Abstract—Choosing the security architecture and policies for a system is a demanding task that must be informed by an understanding of user behavior. We investigate the hypothesis that adding visible security features to a system increases user confidence in the security of a system and thereby causes users to reduce how much effort they spend in other security areas. In our study, 96 volunteers each created a pair of accounts, one secured only by a password and one secured by both a password and a fingerprint reader. Our results strongly support our hypothesis—on average. When using the fingerprint reader, users created passwords that would take one three-thousandth as long to break, thereby potentially negating the advantage twofactor authentication could have offered. Index Terms—user study, security policy, risk compensation, two-factor authentication I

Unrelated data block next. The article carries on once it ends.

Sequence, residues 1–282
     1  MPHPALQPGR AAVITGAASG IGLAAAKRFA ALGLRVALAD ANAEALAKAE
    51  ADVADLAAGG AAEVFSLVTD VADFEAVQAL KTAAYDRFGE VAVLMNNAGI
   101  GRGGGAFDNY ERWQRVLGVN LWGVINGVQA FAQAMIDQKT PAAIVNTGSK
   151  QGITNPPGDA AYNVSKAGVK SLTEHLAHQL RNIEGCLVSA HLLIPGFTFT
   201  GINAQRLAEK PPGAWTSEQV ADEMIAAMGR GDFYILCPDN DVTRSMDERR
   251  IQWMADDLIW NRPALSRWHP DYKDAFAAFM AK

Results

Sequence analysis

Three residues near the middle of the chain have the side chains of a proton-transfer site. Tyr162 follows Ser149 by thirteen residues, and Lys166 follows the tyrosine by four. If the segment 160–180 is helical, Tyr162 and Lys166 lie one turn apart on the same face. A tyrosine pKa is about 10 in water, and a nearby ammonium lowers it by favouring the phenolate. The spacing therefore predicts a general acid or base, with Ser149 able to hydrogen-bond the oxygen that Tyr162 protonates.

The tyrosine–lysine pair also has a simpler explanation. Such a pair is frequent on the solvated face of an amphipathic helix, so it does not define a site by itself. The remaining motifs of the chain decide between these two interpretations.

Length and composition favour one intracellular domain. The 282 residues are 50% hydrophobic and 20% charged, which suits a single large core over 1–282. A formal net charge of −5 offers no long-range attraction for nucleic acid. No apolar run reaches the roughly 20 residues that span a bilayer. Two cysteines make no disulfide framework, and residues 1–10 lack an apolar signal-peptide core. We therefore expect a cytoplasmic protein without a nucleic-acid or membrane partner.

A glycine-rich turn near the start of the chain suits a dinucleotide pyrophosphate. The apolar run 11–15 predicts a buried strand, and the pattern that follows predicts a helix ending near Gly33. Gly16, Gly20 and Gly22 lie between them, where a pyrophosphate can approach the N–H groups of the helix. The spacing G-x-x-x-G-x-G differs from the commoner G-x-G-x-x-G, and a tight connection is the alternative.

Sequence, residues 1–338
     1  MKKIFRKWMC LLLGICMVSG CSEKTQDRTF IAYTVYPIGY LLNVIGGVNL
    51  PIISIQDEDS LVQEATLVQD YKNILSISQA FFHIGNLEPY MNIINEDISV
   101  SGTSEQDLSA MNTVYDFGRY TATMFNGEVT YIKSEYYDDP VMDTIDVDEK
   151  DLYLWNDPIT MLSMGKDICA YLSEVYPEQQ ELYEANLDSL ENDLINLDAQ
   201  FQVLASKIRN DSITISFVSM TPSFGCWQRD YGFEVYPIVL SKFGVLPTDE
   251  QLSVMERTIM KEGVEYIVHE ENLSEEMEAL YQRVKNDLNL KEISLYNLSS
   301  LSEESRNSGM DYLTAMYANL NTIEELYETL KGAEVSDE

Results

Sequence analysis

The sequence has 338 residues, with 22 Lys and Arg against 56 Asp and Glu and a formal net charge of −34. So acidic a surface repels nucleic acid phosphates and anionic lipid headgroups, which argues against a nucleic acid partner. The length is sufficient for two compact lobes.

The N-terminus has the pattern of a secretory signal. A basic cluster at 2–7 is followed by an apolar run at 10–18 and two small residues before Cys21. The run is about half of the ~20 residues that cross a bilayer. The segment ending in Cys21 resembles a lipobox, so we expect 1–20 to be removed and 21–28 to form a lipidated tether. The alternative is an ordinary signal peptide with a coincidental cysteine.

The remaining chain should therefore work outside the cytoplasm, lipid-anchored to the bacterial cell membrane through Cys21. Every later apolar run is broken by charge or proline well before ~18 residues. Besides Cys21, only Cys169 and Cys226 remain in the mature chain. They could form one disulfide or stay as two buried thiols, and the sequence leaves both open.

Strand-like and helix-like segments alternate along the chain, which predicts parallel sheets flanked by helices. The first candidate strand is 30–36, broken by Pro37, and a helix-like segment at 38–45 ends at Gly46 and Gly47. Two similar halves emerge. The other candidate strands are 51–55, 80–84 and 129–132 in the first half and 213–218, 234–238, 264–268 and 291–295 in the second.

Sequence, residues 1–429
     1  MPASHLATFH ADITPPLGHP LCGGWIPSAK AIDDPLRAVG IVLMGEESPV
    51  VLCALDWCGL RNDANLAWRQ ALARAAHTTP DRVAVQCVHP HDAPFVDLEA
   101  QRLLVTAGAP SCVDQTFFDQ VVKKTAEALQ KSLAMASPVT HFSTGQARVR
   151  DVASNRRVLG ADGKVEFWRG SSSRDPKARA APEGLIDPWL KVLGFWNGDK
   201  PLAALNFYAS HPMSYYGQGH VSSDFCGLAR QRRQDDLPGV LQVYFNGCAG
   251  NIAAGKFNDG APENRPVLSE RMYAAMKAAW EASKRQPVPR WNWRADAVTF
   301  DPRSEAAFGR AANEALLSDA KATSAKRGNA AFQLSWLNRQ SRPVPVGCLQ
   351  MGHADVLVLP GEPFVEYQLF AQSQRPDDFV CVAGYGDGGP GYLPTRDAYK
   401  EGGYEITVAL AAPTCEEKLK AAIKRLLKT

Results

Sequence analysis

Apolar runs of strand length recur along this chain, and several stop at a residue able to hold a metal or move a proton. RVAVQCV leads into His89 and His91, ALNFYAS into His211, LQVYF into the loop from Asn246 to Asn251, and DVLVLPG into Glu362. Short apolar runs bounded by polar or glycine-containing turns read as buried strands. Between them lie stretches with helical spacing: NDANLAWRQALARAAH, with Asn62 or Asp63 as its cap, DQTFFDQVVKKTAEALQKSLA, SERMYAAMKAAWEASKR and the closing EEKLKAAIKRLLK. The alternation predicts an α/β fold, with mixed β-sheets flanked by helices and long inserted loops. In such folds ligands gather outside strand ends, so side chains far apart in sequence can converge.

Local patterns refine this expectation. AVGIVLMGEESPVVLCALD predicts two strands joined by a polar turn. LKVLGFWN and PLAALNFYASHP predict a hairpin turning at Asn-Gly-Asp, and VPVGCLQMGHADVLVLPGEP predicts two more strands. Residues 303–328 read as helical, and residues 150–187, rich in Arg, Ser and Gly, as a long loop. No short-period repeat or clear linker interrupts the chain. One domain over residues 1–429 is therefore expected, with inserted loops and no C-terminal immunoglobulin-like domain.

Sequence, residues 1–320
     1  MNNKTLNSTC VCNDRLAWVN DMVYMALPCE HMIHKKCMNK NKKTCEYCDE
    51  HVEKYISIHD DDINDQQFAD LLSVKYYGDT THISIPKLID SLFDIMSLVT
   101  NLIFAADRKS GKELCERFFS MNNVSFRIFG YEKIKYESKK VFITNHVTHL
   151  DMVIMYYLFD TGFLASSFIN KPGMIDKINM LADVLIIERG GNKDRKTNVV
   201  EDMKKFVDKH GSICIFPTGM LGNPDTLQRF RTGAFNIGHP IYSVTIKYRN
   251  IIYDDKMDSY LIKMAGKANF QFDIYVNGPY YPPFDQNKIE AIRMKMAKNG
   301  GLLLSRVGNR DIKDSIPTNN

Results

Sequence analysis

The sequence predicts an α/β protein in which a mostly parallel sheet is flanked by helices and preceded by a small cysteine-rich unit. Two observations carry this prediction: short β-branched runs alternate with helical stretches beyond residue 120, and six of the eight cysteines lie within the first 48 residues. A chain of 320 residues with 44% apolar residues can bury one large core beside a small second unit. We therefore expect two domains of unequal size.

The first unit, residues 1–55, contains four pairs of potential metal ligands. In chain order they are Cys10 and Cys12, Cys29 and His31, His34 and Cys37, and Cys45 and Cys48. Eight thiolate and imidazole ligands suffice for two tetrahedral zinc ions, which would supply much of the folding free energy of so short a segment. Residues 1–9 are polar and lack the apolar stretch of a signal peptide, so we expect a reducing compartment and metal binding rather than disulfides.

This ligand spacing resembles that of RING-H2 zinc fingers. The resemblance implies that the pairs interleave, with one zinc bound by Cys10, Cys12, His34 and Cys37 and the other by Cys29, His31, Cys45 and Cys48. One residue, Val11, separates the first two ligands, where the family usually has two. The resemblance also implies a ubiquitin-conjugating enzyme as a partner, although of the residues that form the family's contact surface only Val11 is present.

To submit an update or takedown request for this paper, please submit an Update/Correction/Removal Request.